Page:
Born this day in 1841: Isabella Macdonald Alden, a.k.a. Pansy (1841–1930), popular and prolific author of children’s books and religious novels
Alden published her first story in a local newspaper when she was only 10 years old. To protect her privacy, her parents had her use her nickname, Pansy, a penname that she would use for the remainder of her prolific career.
In 1865 she wrote a story explaining Christian salvation to children for a contest sponsored by the Christian Tract Society. She decided not to submit it, but a friend secretly entered it for her. The story, “Helen Lester,” won the competition, and earned Macdonald a cash prize and publication.
Alden went on to write or edit some 200 books. Most were pleasant moral tales, often with religious themes, written for children. She also wrote for several periodicals, including the Presbyterian Primary Quarterly and the Westminster Teacher, and for 30 years published an annual serial in the Herald and Presbyter. She edited her own children’s periodical, the Pansy, from 1874 to 1896. The Pansy was a Sunday school weekly which spawned the Pansy Society. As members, children pledged to improve their personal conduct.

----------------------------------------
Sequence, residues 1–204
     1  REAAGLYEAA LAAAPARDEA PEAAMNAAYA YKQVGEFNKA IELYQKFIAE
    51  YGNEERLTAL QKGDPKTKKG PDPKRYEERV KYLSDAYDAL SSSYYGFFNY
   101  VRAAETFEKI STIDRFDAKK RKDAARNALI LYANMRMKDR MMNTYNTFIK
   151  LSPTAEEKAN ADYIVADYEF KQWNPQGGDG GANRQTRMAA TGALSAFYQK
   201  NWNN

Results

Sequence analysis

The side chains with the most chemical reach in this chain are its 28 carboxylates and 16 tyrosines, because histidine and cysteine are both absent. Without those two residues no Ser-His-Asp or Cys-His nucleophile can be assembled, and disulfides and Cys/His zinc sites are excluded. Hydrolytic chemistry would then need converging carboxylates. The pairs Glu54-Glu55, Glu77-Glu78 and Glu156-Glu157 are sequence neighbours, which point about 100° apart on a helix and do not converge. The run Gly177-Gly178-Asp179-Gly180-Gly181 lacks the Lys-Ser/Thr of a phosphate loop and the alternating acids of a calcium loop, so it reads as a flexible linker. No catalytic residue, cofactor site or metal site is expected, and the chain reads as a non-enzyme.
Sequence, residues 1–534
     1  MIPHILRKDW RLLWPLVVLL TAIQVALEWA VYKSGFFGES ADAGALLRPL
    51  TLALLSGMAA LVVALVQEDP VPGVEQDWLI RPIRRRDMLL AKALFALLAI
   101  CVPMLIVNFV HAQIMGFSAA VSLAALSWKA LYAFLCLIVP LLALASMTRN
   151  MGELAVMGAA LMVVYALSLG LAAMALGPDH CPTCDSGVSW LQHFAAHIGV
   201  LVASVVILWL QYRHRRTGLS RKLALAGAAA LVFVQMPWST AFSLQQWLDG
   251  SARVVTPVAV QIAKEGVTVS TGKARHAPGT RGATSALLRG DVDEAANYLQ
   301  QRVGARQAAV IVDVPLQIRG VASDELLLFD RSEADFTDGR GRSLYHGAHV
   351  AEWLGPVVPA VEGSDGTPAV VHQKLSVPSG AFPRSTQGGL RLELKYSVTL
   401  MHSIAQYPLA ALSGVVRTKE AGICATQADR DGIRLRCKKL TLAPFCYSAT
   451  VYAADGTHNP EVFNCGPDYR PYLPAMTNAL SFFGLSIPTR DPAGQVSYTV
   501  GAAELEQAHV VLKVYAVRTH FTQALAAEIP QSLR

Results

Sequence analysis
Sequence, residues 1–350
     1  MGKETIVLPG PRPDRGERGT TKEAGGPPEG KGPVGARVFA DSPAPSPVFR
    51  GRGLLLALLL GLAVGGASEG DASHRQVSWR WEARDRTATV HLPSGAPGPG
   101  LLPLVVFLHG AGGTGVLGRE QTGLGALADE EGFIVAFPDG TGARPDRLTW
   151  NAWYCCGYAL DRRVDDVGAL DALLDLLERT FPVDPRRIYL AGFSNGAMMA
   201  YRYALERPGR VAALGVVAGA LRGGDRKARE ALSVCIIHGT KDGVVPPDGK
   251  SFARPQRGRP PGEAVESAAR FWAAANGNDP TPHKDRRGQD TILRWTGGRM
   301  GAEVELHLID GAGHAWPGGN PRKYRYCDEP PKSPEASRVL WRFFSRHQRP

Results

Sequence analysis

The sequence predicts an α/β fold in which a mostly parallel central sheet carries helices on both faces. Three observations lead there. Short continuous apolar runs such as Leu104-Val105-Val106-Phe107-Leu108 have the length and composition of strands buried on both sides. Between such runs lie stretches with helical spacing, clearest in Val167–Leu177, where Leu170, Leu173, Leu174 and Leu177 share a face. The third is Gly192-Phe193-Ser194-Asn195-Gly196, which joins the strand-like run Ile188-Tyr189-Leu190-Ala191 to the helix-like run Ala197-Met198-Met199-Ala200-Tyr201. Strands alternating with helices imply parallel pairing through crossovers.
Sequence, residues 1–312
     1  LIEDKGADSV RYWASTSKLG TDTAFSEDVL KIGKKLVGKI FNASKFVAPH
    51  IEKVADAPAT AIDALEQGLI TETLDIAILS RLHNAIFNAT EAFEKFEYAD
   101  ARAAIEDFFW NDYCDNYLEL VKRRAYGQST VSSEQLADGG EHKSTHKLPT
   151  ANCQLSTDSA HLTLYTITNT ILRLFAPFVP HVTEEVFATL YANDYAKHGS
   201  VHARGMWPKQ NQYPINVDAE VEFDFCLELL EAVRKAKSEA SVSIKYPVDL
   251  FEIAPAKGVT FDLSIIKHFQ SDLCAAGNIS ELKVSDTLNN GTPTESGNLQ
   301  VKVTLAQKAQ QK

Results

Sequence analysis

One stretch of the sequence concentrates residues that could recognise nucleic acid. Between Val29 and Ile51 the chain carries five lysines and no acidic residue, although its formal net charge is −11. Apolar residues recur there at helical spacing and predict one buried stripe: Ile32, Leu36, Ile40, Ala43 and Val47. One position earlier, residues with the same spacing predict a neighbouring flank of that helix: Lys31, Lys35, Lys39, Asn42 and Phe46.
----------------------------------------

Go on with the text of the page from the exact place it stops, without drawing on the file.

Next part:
Alden participated in the Women's Christian Temperance Union, the Sunday School movement, the Chautauqua movement , and the Young People's Society for Christian Endeavour. She served on the staff of the journal The Christian Endeavor World. She also served on the staff of Trained Motherhood, a journal for young wives and mothers.
Her most popular novels were the Ester Ried series, which she based on her own life experiences. Her most important works, however, were her religious novels about the life of Jesus: The Prince of Peace and Yesterday, Framed in To-Day, which retells the life of Jesus in a modern setting.
Alden’s books were enormously popular. They were translated into many languages and sold the world over. At the apex of her career Pansy was selling 100,000 books per year. You find a many of her books here.